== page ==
The Minneapolis St. Paul International Film Festival is on its way in a matter of days and I need to pick out what I want to try to see this year. There are hundreds of options and I’ve missed going to the event the past couple of years.

It may seriously take away from my podcast time, but if I’m lucky they’ll be showing a movie about podcasts.









70 of 366: It Happened One Night


It doesn’t get much more romantic than a newspaper headline of “Love Triumphs Again.”

There is much question whether love will in fact triumph in It Happened One Night, making it a precedent-setting romantic comedy before one was released every couple of months with the same formula used over and over again … boy meets girl, one of them messes it up and they fall in love with a friend or find their way back to each other.

Among the classic romantic comedies and films released in the 1930s-1950s I’ve watched during my challenge so far, a lot of them center on a newspaper reporter in need of their next front-page story (Roman Holiday, His Girl Friday) who falls in love with their subject or sometimes a struggling actress trying to make her way in Hollywood who falls in love with a leading man. I have barely scratched the surface of all the classic films I’d like to watch this year, (hit me up if you have a copy of Murnau’s The Last Laugh) but it’s just a trend I’m noticing about early Hollywood.

“It could be one of a hundred routine, American romantic comedies of the 1930s or 1940s,” writes critic Adrian Martin in 1,001 Movies You Must See Before You Die when describing It Happened One Night.

Peter (Clark Cable) plays the journalist in the film who meets Ellie (Claudette Colbert), a rich girl on the lam from her father to meet her fiancé in New York.

There isn’t so much a love connection between the two characters at first but rather a love-hate connection as they both try to get to New York and face their share of roadblocks along the way.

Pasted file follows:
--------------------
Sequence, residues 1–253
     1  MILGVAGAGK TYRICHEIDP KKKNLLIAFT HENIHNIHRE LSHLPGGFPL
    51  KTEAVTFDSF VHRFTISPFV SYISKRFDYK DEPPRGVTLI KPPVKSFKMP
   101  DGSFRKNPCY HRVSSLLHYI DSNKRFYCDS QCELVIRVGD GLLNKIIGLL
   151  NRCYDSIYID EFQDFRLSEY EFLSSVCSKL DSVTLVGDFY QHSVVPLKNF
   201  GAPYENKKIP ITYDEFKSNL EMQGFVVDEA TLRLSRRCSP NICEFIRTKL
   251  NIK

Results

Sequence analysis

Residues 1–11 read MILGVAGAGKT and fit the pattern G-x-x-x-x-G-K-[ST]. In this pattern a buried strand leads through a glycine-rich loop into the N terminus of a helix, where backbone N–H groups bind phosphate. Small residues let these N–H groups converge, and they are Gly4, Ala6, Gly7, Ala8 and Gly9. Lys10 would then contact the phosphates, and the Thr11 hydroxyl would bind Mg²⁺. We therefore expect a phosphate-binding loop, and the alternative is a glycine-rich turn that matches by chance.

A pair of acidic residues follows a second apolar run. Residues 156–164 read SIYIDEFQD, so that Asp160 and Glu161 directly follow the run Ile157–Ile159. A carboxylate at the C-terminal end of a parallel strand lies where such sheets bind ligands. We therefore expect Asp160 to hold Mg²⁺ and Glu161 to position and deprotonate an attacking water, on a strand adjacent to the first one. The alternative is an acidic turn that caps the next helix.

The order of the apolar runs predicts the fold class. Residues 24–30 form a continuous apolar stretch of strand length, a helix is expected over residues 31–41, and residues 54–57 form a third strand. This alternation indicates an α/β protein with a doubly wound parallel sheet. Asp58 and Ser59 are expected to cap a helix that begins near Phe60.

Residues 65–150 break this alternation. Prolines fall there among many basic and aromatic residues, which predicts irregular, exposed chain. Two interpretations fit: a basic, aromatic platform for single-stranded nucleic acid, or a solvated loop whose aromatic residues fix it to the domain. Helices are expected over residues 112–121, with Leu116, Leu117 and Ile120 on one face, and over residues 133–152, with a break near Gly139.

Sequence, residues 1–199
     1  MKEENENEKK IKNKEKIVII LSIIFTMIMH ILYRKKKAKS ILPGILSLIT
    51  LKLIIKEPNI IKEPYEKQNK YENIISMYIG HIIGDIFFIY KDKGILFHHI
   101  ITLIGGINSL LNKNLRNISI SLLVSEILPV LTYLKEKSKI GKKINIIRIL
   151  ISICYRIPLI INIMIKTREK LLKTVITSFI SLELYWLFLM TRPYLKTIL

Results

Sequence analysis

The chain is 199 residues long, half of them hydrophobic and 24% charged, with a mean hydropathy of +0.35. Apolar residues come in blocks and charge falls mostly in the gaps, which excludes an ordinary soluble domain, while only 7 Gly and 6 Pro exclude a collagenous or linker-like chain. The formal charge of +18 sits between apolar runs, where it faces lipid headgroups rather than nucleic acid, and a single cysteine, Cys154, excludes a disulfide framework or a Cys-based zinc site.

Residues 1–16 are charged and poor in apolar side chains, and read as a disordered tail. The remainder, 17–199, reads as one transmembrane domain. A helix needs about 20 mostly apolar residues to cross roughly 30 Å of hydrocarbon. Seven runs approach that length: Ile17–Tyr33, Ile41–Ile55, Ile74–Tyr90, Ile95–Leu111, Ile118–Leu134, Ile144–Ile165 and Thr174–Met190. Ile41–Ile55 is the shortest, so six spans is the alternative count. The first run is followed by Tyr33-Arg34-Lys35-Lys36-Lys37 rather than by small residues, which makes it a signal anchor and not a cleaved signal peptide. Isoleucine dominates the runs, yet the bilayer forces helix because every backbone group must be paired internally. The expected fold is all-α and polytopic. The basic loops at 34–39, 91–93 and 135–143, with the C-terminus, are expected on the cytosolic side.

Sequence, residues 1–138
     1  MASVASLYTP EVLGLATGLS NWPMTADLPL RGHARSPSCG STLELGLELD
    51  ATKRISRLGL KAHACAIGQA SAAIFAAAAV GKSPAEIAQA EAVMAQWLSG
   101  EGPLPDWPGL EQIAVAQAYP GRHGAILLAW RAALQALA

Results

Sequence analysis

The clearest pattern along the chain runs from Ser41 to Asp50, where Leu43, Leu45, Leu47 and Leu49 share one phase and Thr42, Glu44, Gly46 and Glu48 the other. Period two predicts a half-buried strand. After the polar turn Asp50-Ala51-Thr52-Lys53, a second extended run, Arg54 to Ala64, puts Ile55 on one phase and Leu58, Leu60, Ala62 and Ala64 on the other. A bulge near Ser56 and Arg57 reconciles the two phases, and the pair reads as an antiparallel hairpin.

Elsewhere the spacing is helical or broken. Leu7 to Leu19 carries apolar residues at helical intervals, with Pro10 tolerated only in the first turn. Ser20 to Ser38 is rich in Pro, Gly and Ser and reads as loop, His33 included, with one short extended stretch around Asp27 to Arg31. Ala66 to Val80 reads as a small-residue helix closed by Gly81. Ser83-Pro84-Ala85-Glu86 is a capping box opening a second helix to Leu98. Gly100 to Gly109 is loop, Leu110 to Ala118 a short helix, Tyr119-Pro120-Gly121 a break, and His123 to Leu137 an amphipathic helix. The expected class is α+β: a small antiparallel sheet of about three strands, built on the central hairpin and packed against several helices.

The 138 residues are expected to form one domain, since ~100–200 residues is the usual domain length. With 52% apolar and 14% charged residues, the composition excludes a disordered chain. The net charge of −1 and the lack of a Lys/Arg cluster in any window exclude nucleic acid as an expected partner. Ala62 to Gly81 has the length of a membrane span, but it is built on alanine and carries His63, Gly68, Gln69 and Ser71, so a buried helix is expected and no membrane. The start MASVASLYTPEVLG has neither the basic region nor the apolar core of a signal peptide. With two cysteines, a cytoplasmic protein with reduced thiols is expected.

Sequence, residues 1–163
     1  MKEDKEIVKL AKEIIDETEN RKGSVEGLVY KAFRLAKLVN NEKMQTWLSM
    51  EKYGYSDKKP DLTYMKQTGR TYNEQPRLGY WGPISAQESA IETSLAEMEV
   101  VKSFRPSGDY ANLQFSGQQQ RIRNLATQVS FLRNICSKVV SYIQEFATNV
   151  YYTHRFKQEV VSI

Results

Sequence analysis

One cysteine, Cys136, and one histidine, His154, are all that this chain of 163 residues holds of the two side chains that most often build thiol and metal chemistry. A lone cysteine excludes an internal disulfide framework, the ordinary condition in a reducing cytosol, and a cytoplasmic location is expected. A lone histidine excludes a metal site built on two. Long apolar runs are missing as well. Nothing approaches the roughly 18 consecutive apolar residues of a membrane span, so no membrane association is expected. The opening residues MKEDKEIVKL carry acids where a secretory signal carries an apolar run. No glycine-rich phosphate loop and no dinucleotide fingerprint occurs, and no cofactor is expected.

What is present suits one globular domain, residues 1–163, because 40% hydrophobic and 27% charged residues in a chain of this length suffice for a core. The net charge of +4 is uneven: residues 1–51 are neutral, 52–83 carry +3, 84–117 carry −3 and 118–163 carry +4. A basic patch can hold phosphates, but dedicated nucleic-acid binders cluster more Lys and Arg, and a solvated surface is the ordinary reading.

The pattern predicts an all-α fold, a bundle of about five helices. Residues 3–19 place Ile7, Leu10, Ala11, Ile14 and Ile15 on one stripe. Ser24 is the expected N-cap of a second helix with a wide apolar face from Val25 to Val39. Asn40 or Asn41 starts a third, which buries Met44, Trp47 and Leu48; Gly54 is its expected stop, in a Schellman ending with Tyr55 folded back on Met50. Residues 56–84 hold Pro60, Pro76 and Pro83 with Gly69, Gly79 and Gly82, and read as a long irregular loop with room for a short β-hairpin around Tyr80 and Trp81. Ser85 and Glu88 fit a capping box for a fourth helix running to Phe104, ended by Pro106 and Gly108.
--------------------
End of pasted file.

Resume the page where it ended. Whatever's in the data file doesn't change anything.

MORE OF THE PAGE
Peter didn’t need to become a traveling partner for Ellie, but he sees a story in her life and, subconsciously, something more.

The film, released in 1934, was ahead of its time for the genre with a solid script, written by Robert Riskin from a short story by Samuel Hopkins Adams, that mixes some screwball comedy and wit with true romance between two characters whose differences are only on the surface.

It also set a record for winning all five of the top Academy Awards, best picture, director, screenplay, actor and actress, before One Flew Over the Cuckoo’s Nest and Silence of the Lambs did the same years later, according to Martin’s review.

Claudette Colbert lights up the screen as Ellie and delivers a good share of the slapstick comedy balanced by Clark Gable’s somewhat of a tough-guy persona and dry humor in Peter.

It’s a small scene, but one of my favorites with Peter and Ellie is during a breakfast together when he criticizes her for how she dunks her doughnuts in coffee.

I could see them 50 years from that time doing the same thing, and the next moment arguing about dinner or who would do the chores.

It’s a shame there are so romantic comedies today (I almost can’t believe I said that because I do watch them pretty regularly) and that any originality in the genre is hard to come by or be noticeable. I know there are some, such 500 Days of Summer or perhaps Sleepwalk with Me (honestly just from looking at my shelf of DVDs), but I recommend trying some of the early classics like It Happened One Night to see where it all started.